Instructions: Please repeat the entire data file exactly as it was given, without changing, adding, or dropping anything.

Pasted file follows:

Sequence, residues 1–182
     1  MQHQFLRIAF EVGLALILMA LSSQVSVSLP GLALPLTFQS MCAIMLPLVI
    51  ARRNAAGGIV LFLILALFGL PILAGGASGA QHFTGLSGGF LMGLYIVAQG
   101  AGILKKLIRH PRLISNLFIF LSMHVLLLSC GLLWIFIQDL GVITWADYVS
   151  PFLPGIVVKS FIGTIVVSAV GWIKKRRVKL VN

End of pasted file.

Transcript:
Sequence, residues 1–182
     1  MQHQFLRIAF EVGLALILMA LSSQVSVSLP GLALPLTFQS MCAIMLPLVI
    51  ARRNAAGGIV LFLILALFGL PILAGGASGA QHFTGLSGGF LMGLYIVAQG
   101  AGILKKLIRH PRLISNLFIF LSMHVLLLSC GLLWIFIQDL GVITWADYVS
   151  PFLPGIVVKS FIGTIVVSAV GWIKKRRVKL VN